In Europe, standards are
about to get tougher, though, forcing diesel makers into a race
against time. One option is to use catalytic converters to
remove pollutants, but they degrade over time and more importantly
damage performance. However, meeting the new Euro 6 caps
standard without a catalytic converter is a steep
Researchers at Technische Universitaet Muenchen
(TUM), located in Munich, Germany, have developed
a new engine that just may be able to meet the tough new
standards without necessitating a catalytic converter. The
engine, which may usher in a new era of green performance weighs in
at two tons, has hardly any odor of exhaust fumes even when running
at full blast.
To design the engine, researchers had to go
back to the drawing board. Modern diesels meet Europe's Euro 5
Norm for emissions by recirculating the polluting nitrogen oxides
produced from the combustion of diesel fuel back into the engine.
Mixed with fresh air and re-reacted at a lower temperature, the
result is less nitrogen pollution, but more polluting soot. The
new standard calls for a reduction in soot, as well, making this
Instead, the new engine, dubbed NEMo
(Niedrigst-Emissions-LKW-Dieselmotor, the German acronym for "lowest
emission truck diesel engine), uses a combination of turbocharging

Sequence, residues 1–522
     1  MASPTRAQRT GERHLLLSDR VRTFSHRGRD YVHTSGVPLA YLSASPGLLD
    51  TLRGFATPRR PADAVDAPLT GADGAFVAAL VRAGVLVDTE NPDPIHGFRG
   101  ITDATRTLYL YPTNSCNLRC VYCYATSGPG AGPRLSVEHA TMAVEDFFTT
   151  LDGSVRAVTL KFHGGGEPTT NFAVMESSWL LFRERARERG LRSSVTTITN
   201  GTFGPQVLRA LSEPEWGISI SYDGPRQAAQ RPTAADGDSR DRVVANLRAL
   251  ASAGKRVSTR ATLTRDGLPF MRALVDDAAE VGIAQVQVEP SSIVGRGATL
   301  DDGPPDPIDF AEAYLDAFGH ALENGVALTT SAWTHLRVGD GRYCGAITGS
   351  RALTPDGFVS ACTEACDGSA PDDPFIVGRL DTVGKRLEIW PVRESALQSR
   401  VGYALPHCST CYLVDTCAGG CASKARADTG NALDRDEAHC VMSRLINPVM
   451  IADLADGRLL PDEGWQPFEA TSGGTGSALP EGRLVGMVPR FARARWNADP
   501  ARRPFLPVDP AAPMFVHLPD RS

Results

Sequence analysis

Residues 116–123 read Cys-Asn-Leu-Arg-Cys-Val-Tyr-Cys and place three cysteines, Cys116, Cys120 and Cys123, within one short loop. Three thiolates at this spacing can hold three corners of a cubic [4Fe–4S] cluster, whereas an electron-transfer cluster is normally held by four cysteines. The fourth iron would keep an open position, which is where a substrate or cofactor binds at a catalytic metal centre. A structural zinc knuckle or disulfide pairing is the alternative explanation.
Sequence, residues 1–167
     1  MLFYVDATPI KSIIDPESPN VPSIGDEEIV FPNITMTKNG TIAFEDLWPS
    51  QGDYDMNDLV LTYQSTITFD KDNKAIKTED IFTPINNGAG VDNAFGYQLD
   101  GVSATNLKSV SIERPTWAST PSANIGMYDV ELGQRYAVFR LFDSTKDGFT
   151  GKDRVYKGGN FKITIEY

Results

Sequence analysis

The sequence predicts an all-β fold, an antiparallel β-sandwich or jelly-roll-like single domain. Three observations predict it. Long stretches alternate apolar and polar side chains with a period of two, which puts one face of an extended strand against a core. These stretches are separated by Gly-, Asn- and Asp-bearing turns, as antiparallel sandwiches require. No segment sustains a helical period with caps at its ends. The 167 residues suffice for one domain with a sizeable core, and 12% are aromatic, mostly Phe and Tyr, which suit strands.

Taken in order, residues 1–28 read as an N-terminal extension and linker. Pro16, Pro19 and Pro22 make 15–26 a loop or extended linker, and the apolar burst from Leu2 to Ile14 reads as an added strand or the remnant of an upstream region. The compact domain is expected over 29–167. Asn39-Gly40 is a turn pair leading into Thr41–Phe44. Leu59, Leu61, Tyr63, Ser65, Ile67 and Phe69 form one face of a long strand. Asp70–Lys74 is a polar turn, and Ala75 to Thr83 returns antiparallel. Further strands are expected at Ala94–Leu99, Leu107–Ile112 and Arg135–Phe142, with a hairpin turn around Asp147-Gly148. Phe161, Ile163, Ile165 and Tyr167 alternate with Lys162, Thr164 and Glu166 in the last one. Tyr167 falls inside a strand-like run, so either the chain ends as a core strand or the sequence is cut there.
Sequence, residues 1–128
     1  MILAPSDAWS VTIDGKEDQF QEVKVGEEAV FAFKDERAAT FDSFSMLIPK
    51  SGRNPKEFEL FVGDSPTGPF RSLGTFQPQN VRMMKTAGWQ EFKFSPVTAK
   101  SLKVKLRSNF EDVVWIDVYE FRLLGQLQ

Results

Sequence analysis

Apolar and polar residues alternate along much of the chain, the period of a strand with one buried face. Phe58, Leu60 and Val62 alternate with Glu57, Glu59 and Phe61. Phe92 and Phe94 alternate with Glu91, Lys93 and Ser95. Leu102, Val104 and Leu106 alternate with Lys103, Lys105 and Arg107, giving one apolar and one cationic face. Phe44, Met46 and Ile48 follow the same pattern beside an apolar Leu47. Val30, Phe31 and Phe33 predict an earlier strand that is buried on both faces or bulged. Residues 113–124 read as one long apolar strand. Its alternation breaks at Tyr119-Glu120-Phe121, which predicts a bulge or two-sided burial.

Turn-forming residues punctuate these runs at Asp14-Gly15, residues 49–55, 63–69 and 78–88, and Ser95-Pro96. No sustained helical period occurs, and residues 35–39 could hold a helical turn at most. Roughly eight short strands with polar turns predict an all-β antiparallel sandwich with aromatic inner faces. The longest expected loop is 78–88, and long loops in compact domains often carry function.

and direct injection to burn the fuel more completely.
recirculation the exhaust gases are compressed to ten times the
pressure of the Earth's atmosphere (10 bar), giving enough oxygen for
the diesel fuel to burn cleanly. While the pressure is over
twice what current engines can handle, NEMo can handle it with
Improved direct injection also plays a pivotal role.
Traditionally injectors spray large droplets. Fuel is burned
from these droplets, stripping away a layer of fuel akin to "peeling
a layer off an onion". As you peel off more layers, the
fuel becomes more dense and compressed, and it becomes difficult for
the oxygen to react with the fuel. The result is soot. By
using higher pressure direct injection, the engine sprays finer
droplets, leading to more complete combustion and less soot.
NEMo ups the DI pressure from 1,800 bar to 3,000 bar, allowing this
Led by Georg Wachtmeister from the Chair of
Internal Combustion Engines at the university, the engine team has
tune NEMo to almost meet the upcoming standard. The emissions
from the engine are so low they had to invent a new in-engine probe
to measure them more accurately.
The team wants to improve
their design even more. They're currently trying to better
understand how soot particles form. To do this they've created
the aforementioned probe -- a speedy sample collector that sucks up a
tiny sample of combustion chamber gas in one millisecond. Using
the gas sampling valve, 13 samples can be taken during a single
ignition, giving the researchers a wealth of new data to better
understand and combat soot growth.